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University of Aix-en-Provence/Philipps-University Marburg

Bucerius Pre-Doctoral Grant

Translating the Language of the Syrian Revolution (2011/12)


While the Syrian revolution has obviously provoked significant social and political changes, the far-reaching consequences of its cultural and discursive transformations have yet to be seen. For activists, academics and journalists, however, it was initially a revolution of the language, destroying the symbolic oppression and torpidity of the old regime and creating a new language that enabled them to defy, inform, narrate and translate the ongoing events and transformations. This language was created in the first place to defy, subvert and challenge the regime and its discourse. The language of the Syrian revolution embodies not only the revolutionary context of the protests but the long history of the regime’s symbolic violence Thus, language is approached philologically and linguistically, along with being considered cultural capital in sociological terms. This approach highlights language as primarily a political product: language used in a revolution but also language as a revolution and a weapon deployed by both sides. This raises many questions with regard to language: How can language be a historical, political, cultural, economic, and social indicator of transformations in a society? What is the relationship between symbolic violence, different types of symbolic capital and their consumption in different settings, and dominant and dominated discourses in language and practices? What is the value of a language through its performativity and its impact on the receiver? The main research question is how the revolutionary language was transferred into the English-speaking market. Along with tracing the act of translating, I raise the question of the importance of the language and its performativity in discursively explaining the profound histories of Syrians, including the symbolic domination of the regime and its subversion by regime opponents who opposed the regime more explicitly in 2011. The positionality of translation, through its actors, settings, and locations, helps us to understand the modes of reception of the translation. Moreover, it sheds light on the translation’s interaction with its mechanisms and the transformation processes that differ when the translation production chain is changed.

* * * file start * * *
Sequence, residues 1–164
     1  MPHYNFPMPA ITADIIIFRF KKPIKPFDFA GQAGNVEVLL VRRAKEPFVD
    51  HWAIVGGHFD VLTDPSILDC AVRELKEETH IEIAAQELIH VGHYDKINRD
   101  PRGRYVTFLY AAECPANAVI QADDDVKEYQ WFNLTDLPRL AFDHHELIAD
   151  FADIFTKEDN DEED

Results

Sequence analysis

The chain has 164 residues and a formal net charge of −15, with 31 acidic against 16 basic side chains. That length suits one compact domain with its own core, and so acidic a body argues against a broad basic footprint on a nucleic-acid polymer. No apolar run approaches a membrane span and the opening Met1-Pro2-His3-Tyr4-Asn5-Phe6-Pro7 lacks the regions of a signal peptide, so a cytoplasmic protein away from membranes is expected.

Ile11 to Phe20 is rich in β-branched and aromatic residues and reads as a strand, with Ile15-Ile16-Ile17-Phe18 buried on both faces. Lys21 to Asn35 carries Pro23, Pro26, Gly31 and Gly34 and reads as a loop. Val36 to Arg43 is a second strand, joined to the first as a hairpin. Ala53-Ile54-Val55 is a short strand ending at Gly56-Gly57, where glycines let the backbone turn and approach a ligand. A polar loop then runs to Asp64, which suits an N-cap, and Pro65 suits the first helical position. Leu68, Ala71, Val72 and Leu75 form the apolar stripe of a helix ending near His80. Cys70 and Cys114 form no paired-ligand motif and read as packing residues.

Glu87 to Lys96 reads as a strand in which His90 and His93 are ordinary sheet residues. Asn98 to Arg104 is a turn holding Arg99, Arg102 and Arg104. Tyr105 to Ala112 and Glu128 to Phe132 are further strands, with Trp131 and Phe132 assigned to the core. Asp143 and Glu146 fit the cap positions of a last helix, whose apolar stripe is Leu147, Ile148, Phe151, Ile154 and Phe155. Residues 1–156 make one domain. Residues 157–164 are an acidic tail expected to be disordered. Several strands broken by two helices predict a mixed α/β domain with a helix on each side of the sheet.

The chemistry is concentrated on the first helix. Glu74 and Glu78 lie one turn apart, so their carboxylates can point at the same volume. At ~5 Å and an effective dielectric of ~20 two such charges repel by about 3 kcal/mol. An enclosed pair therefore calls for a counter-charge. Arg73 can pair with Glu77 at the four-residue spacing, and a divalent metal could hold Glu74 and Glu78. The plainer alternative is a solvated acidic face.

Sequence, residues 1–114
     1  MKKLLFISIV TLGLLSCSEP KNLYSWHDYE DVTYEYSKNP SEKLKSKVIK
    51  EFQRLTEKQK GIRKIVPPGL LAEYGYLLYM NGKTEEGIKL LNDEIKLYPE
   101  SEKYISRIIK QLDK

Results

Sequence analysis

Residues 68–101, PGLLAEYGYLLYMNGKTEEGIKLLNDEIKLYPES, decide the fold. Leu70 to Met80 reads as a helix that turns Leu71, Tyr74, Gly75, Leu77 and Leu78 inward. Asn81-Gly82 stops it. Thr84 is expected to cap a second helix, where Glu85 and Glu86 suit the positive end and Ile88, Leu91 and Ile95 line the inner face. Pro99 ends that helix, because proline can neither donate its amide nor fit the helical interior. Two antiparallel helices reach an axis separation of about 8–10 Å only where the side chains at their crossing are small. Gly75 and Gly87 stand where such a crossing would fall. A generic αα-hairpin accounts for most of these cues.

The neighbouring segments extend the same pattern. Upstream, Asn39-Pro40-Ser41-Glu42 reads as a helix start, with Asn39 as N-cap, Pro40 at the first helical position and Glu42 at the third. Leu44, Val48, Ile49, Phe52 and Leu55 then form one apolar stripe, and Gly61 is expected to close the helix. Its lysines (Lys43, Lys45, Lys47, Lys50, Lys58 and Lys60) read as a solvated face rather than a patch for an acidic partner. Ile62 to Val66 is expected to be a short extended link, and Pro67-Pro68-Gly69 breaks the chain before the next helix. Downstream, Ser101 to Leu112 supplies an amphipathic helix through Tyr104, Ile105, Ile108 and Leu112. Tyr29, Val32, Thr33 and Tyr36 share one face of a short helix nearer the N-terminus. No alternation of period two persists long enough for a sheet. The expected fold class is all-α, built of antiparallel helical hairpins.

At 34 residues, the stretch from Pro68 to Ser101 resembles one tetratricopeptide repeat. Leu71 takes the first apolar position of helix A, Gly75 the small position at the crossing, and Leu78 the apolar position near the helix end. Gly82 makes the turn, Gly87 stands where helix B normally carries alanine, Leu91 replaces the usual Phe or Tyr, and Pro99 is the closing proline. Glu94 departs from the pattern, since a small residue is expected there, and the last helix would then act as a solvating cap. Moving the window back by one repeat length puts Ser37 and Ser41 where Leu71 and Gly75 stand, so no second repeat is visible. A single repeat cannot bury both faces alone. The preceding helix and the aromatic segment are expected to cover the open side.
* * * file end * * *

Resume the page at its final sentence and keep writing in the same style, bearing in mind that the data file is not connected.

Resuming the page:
Eylaf Bader Eddin is a Post-doc candidate in Arabic and Cultural Studies in University of Marburg working on “Singing Power(s): Authoritarianism, Nationalism, and Patriotic Music in Syria (1970–2015)”. In his current research, Bader Eddin seeks to analyze singing as an act of controlling but also emancipating from or to a dominant or dominated discourse(s). His Ph.D. research (Universities of Aix-Marseille and Marburg) on “Translating the Language of the Syrian Revolution 2011” focused on translation and the language of protests as well as on revolutionary archives and performance. His latest publication is a chapter entitled “Translating the Mourning Walls: Aleppo’s Last Words” in the Routledge Handbook of Translation and Activism (2020). He is the author of “When they Cried ‘Forever’: The Language of the Syrian Revolution” (in Arabic) published after receiving Sadiq Jalal al-Azim Cultural Award in 2018.

"Translating Mourning Walls: Aleppo’s Last Words" in The Routledge Handbook of Translation and Activism 2020.

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